Archive for the ‘ARC Review’ Category

tyrants daughterDisclosure: I received an eARC of this book from NetGalley.

I had mixed emotions about this book. It is ambitious, and engaging, and is a very fast read. I think I read it in about an hour and a half, while watching to the opening ceremonies of the Olympics. I am not sure that it succeeded in all of it’s ambitions, but I would generally recommend it.

It is a first person narrative from Laila, with very short chapters. I liked the narrator – she was convincing to me. The cast of this book is limited to a few people: Laila, her mother, her brother, the CIA agent, a few classmates, a few other immigrants from home. The country that Laila has fled is an unnamed country in the Middle East. We are obviously meant to think of Iran or Iraq, but the author never identifies the setting of Laila’s country of origin. The action takes place in a relatively short period of time after Laila’s arrival in the U.S.

There was so much going on in the background of this book: the various forms that privilege can take, how one person’s privilege is another person’s cage, misogyny, the impact of religious fundamentalism, growing up in a world where physical safety is just another commodity, available only sometimes and only ever to the wealthy.

Laila is an insightful narrator, but she is not precocious. She is an ethical person, but not a questioning person. Or at least she wasn’t until after her father is assassinated.

I would love to get the rest of Laila’s story. Those of you who read the book will know just what I mean.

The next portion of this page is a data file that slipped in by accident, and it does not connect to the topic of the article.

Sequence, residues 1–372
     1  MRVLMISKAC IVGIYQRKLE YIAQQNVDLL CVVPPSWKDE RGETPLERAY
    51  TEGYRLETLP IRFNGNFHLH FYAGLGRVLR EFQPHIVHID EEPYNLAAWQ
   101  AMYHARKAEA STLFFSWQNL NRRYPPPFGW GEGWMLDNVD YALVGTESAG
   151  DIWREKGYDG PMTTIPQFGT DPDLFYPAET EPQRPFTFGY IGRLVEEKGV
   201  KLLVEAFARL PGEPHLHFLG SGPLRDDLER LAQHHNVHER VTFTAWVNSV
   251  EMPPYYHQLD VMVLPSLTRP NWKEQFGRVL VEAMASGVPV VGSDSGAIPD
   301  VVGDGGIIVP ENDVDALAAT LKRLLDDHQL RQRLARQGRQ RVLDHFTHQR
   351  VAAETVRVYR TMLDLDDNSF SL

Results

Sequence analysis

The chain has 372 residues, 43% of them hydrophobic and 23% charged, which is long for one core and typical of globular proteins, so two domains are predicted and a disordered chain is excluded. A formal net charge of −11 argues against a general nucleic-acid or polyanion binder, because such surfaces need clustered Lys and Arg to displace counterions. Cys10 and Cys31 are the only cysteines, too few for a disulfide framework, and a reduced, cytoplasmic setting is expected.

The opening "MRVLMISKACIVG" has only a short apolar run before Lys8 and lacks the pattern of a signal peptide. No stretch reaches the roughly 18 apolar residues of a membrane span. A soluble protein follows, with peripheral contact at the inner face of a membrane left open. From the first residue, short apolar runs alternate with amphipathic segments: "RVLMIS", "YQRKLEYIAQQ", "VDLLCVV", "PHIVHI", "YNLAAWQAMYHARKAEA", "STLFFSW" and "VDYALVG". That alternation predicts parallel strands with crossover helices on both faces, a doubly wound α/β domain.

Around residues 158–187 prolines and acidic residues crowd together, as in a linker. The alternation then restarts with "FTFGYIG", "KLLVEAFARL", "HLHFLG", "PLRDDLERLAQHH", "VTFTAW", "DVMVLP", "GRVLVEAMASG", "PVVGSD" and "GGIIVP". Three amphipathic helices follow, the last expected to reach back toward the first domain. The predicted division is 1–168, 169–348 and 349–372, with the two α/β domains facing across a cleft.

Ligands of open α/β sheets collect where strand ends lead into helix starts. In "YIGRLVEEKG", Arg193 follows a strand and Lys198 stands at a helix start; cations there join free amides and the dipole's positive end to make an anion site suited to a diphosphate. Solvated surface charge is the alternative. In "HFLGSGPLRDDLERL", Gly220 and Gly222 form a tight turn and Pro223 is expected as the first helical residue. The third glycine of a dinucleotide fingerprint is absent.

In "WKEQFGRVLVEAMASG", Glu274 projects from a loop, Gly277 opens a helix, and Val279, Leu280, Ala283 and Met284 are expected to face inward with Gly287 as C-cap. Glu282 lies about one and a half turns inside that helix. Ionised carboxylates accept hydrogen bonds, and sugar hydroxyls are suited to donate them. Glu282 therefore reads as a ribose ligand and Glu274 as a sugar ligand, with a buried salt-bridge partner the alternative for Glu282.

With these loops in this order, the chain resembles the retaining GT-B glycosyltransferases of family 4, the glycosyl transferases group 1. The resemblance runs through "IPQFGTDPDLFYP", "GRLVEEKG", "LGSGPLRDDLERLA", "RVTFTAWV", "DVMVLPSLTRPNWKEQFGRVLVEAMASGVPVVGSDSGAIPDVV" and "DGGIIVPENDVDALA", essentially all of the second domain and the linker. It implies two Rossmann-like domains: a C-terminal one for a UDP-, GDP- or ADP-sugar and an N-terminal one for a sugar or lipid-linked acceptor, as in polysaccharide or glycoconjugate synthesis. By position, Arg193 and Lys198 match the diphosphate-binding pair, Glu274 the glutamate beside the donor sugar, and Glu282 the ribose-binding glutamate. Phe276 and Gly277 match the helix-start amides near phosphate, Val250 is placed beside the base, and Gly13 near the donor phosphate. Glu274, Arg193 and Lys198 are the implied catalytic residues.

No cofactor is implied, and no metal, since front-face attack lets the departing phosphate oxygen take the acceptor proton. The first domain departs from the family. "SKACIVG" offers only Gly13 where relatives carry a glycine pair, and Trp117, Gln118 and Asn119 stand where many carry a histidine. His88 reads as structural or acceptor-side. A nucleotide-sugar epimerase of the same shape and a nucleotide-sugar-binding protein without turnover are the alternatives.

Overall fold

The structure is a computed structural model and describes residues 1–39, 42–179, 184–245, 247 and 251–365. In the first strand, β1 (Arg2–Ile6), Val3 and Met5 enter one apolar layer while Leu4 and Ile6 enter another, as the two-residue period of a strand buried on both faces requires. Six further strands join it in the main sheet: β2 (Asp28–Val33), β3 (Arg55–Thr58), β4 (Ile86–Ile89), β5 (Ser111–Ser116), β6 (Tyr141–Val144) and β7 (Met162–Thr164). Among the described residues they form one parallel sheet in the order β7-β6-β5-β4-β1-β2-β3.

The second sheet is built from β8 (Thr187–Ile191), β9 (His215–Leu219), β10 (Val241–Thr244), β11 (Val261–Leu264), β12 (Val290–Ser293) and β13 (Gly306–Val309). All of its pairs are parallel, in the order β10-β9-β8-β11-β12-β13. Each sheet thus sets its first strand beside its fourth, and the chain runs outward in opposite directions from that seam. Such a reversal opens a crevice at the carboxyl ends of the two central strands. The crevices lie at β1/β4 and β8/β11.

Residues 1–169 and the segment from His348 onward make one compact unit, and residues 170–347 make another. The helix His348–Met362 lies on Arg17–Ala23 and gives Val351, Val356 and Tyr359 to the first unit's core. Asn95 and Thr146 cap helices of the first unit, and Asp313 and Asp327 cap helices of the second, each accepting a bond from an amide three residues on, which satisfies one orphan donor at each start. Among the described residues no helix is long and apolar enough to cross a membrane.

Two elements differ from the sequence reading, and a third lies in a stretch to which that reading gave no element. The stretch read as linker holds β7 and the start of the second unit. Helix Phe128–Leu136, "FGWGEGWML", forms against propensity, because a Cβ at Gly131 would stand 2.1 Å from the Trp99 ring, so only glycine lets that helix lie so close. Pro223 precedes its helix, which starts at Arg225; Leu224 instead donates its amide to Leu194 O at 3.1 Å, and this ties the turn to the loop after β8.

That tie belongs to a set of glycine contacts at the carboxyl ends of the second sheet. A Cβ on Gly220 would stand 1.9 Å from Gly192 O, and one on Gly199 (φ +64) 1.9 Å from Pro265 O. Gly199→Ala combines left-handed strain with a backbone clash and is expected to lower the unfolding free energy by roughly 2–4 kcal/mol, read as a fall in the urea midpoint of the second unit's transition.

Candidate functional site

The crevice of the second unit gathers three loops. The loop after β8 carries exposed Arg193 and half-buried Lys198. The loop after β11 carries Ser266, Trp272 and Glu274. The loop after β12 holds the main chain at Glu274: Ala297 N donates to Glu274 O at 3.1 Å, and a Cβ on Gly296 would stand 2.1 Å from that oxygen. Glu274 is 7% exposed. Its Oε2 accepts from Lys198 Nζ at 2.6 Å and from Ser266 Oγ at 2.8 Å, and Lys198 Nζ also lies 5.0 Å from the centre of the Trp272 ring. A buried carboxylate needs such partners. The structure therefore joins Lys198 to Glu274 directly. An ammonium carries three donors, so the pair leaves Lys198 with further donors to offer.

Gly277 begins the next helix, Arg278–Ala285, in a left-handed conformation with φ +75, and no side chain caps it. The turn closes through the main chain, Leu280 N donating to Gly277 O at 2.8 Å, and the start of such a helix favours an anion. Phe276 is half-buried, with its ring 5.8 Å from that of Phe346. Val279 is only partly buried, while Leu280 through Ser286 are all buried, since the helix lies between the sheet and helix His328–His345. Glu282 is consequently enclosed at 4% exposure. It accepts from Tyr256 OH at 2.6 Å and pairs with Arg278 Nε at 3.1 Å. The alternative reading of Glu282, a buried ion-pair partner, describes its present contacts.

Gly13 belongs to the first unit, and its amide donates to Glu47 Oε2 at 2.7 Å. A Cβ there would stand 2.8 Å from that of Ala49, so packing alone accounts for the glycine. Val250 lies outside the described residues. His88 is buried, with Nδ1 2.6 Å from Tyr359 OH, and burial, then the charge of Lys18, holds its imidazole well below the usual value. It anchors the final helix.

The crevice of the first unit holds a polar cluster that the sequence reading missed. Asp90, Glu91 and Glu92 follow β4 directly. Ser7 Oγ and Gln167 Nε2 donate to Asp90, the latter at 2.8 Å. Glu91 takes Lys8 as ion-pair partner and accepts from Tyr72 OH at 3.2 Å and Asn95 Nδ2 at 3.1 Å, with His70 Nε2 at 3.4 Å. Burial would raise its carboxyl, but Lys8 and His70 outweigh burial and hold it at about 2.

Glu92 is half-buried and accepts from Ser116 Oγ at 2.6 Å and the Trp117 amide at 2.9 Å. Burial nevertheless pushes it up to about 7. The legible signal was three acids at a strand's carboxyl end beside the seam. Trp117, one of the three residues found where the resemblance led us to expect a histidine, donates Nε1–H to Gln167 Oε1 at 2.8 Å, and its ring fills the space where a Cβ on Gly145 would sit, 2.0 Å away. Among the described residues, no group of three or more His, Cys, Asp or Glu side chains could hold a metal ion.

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Cross-posted from Booklikes. Book 13 of 2014. I received a free ARC of this book from Netgalley. It is scheduled for publication on 1/28/14 by Delacorte Press.

and we stay

See what you lost when you left this world, this sweet old world
See what you lost when you left this world, this sweet old world
The breath from your own lips, the touch of fingertips
A sweet and tender kiss
The sound of a midnight train, wearing someone’s ring
Someone calling your name
Somebody so warm cradled in your arms
Didn’t you think you were worth anything
See what you lost when you left this world, this sweet old world
See what you lost when you left this world, this sweet old world [Sweet Old World by Lucinda Williams]

Oh, I loved this book so much. It is the story of Emily Beam, in the few months after her boyfriend, Paul, has done something unspeakable at her old high school, committing suicide in the library after she has broken up with him. Emily has been enrolled at a boarding school at Amherst.

Mount Holyoke

What doesn’t this book have? Well, it doesn’t have a love triangle, or bad boys with tattoos, or smexy sexy alphas who control their girlfriend’s every move, or any sort of paranormal creature (and, no, the “ghost” of Emily Dickenson doesn’t count, since she is really more of a presence than an actual spirit).

It is slow and introspective, a look into the resilience of youth following a devastating tragedy. It is about blossoming friendship and growing up and forgiving yourself. And it’s about words and the power of words to heal.

Jenny Hubbard can put together words so beautifully that it broke my heart sometimes. I am barely a fan of poetry, but Emily Beam is a poet, and scattered throughout the book is a series of poems that she wrote in those first weeks and months at school, and they are brilliantly evocative and spare and lovely.

I feel like words are inadequate for me to explain why I loved this book. I connected with it – I have a girl and I have been a girl, and I work with girls who have been through trauma, and so for me, Emily Beam is every girl who uses words to process her pain. I loved this book.

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